In Memory of Timothy Sumner Robinson

July 16, 1945 – October 7, 2003

AOL lost a team member this week, and the Internet lost a pioneer in the field of online searching.

Timothy S. Robinson, 58, was with AOL for only six months when he passed away suddenly from complications caused by surgery.

As AOL’s Director of Search & Navigation, Tim led the search editorial team.  Although at AOL only a short time, “Tim led AOL Search teams to the competitive lead we have in the industry today,” said Gerry Campbell, Tim’s Executive Director.  He was responsible for the “top line” search results that were designed to drive traffic to AOL and our partners.  He reveled in not simply delivering relevant search results but in delighting members with the high relevance of those results.

Much of Tim’s role at AOL also centered on integrating AOL Search with other AOL products.  As a result, Tim had to balance the needs of many stakeholders while ensuring senior management buy-in of these initiatives.  One such initiative was the integration of Music Search 2.0 into AOL Search.

Tim was a writer at heart though, starting his career at the Washington Post where he covered the Watergate trials, among other legal matters, and later as the editor of the National Law Journal  before he moved into the online search industry.  More recently, Tim had ghost-written books, including The Board (Behind Closed Doors with the Directors of DFP, Inc.) by James Ukropina.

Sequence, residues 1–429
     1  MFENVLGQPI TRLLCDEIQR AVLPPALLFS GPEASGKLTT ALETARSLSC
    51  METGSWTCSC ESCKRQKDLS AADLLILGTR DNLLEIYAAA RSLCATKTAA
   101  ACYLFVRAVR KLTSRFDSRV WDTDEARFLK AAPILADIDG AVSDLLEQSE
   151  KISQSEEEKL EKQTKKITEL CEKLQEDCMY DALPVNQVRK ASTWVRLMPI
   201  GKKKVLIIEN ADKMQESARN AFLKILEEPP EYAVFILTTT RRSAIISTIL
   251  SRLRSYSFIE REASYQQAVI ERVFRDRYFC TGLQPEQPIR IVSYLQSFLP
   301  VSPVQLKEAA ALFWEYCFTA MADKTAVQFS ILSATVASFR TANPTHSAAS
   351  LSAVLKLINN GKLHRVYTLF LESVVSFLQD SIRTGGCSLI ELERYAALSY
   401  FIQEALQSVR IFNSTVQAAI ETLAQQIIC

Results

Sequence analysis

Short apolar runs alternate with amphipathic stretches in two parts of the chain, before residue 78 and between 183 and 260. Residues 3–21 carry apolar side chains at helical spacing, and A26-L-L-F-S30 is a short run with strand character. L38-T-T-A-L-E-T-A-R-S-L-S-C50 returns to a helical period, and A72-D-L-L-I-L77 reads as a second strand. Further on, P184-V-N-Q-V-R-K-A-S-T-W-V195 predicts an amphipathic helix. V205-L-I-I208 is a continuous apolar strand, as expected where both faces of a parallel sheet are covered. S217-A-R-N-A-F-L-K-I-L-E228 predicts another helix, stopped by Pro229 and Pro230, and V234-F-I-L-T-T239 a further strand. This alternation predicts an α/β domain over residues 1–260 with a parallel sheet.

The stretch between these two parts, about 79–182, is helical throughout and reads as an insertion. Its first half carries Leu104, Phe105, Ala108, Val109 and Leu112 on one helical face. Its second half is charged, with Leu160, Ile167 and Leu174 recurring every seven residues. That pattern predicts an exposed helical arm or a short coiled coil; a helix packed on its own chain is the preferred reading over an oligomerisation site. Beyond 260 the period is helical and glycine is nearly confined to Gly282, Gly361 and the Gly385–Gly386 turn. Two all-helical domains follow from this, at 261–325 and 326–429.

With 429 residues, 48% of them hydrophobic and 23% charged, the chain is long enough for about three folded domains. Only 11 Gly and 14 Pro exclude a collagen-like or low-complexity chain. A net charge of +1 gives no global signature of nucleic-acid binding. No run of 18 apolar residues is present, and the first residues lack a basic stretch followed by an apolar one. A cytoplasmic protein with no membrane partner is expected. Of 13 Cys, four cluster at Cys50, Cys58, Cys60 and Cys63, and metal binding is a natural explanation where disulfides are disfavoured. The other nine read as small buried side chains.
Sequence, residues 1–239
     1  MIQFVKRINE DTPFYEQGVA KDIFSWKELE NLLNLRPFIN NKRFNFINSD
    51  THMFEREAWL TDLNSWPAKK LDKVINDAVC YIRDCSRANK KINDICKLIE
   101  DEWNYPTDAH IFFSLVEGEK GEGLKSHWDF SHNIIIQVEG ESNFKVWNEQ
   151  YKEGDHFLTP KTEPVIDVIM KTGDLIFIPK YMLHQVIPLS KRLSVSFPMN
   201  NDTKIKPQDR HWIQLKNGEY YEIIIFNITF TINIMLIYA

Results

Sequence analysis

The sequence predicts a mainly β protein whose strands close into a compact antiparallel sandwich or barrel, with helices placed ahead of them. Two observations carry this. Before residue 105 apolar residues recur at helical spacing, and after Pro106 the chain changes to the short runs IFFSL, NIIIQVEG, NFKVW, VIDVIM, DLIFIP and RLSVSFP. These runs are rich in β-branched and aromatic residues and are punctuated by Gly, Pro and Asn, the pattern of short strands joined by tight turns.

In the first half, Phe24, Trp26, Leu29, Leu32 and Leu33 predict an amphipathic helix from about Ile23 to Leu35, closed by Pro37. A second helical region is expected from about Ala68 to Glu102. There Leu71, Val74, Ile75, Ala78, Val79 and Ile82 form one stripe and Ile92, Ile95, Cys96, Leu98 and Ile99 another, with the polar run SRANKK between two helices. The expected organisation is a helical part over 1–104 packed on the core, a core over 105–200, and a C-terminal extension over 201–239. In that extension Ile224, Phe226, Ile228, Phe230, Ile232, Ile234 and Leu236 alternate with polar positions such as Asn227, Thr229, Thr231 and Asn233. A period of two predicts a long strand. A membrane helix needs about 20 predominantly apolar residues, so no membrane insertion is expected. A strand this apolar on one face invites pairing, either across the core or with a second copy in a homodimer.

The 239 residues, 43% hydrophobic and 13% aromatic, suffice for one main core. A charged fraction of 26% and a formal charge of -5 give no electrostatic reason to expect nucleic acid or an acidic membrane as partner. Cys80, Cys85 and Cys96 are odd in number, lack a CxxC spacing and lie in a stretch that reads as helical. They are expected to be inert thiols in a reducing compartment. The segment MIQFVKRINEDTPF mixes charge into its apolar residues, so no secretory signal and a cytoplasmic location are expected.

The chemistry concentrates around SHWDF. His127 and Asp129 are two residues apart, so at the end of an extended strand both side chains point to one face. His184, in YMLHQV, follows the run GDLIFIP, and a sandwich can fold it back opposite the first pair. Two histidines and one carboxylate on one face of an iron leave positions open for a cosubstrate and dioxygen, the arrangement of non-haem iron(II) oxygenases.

Most recently, Tim took his talents to the Internet as a pioneer within the online search industry. His efforts at search engines AltaVista and Excite–and of course AOL–have had an impact on millions of people as they search for the information they need online.

More important than Tim’s professional accomplishments were his intangible qualities.  He was a great cook and a gracious host who enjoyed entertaining–even going so far as to introduce Washingtonians to true Alabama barbecue.

Those who worked with him described Tim as a true team player and role model.  “Tim was someone I felt I could really learn from.  He’d done so much in his career and had the ability to make things really happen,” said Myron Rosmarin, Sr. Product Manager on Tim’s team.  Cheryl Haas, another Sr. Editor on his team, remembered Tim as “very calm and even-tempered.

Whereas a lot of people would react to the stressful situations our team faces, Tim always kept his composure–a necessary trait in this role.”  Tim may not have been at AOL that long but the opportunities that he brought to his team were irreplaceable.  He had a wealth of information and insight to give and was happy to share it with those around him.

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